, Derry, New Hampshire

October 31, 2013

Friendship Center finds new Derry home

Longtime center moves to Railroad Avenue

By Julie Huss

---- — DERRY — The Friendship Center is on the move.

The longtime downtown organization has found a new home at 6 Railroad Ave. at the former Fraternal of Eagles building.

The building has been vacant for years and gives the nonprofit group 4,300 square feet of space to hold meetings and other special events.

Carol Bowden is chairman of Friendship Center’s board of directors. She said the new space is a dream come true.

“We looked at a few different places and this summer this opportunity came up,” Bowden said. “We needed to jump on this.”

The Friendship Center provides an affordable place for peer recovery support groups to meet, and also offers help with social service applications, computer access, job assistance, housing and more.

The Center is New England’s first Peer Recovery Center, fully owned and operated solely by the recovery community with only private donations, and through fees donated by recovery groups.

The Center spent 33 years at its former location on East Broadway, a storefront rental, that became too small for the organization’s plans.

Being in the new space will give the center added opportunities to help its mission grow, Bowden said. Owning the building is also a big plus.

Last Sunday was moving day. It was a swift move from Broadway to Railroad Avenue and only took a short time.

“The move took less than an an hour,” Bowden said.

Although the exact price for the building was not given, Bowden said the bank worked with Friendship Center to offer a great mortgage rate and was supportive all the way.

“They made it so we can afford it as a nonprofit,” she said.

Friendship Center is open seven days a week and sees hundreds of people on a regular basis.

There are structured meetings for those battling addiction and others just walk in seeking help.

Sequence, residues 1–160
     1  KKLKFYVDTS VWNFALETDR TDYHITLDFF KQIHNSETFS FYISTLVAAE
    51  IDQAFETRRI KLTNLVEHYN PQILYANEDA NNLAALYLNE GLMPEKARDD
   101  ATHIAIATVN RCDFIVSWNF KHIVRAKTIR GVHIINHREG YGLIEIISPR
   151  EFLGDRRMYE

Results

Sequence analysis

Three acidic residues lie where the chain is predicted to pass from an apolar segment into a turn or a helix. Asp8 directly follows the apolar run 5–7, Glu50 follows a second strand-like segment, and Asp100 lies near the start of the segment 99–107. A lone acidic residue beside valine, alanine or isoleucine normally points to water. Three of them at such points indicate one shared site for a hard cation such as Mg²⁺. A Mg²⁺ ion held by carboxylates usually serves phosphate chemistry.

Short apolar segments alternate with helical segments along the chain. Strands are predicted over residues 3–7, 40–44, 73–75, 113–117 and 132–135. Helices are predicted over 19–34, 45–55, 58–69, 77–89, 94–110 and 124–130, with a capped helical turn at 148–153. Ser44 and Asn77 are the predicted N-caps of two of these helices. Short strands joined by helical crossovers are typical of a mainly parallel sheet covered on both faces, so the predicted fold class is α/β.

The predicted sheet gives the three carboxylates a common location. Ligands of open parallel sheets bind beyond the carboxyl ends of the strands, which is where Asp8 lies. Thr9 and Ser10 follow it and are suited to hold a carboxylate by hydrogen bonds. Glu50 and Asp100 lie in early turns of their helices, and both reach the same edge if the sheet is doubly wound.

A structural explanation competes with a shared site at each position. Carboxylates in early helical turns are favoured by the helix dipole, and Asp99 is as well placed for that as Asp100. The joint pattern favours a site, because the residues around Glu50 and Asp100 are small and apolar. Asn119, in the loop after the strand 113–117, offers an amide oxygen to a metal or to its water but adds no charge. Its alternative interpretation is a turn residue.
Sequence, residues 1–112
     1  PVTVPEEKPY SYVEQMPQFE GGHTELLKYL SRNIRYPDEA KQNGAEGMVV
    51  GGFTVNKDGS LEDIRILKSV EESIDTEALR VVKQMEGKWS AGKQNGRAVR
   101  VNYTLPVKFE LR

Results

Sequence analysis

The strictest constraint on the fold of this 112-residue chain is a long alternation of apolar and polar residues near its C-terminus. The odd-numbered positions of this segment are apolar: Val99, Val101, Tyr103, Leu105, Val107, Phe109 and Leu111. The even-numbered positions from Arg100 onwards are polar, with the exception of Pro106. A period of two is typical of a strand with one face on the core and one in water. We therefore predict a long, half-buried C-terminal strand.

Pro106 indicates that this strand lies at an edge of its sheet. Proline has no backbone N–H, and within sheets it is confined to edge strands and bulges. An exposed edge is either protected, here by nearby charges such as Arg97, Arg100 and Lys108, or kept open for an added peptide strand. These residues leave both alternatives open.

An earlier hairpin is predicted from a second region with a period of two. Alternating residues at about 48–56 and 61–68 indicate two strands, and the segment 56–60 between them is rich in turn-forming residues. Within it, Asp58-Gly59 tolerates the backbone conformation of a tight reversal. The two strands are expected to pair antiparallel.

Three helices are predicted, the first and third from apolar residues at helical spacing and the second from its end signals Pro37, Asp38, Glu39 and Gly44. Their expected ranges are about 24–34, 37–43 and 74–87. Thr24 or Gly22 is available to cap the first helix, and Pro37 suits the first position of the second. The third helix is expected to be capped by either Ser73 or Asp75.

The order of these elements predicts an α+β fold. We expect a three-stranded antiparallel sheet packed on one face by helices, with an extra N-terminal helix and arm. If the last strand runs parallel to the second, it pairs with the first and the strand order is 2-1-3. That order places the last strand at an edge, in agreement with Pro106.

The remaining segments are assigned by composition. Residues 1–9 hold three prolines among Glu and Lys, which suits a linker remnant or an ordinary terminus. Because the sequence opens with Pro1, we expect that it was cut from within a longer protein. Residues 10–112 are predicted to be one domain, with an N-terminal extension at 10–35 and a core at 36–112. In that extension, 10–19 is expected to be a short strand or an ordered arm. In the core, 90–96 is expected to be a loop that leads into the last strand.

The residents of Granite House, a sober-living facility on West Broadway, are also involved in the life of the Friendship Center. They volunteer their time and also participate in the center’s programming.

“We help so many people,” volunteer Kim Stone said. “They are helping me.”

Sue Spinney sits on the Friendship Center’s board of directors and said she loves the new space.

“This is a safe haven for so many people, not just those suffering (from addiction), but also their families,” she said. “It’s transformed lives; I’ve seen it.”

Bowden said having a new, larger space will only serve to help the Friendship Center grow in the community.

“It’s been a dream of ours to have our own building,” she said. “It’s very nostalgic to us, we love it.”

The Friendship Center will team up with Hope for New Hampshire for a “Celebrate Recovery” gala on Nov. 8 at Promises to Keep in Derry.

All proceeds will go to support the new building.

The gala includes giving out awards to community supporters, including Advocate of the Year, Business of the Year and the Phoenix Award.

All those involved in recovery, their family and friends are invited to attend. For information, call 421-0255.

To learn more about the Friendship Center in Derry or to support the new building, call 432-9794 or visit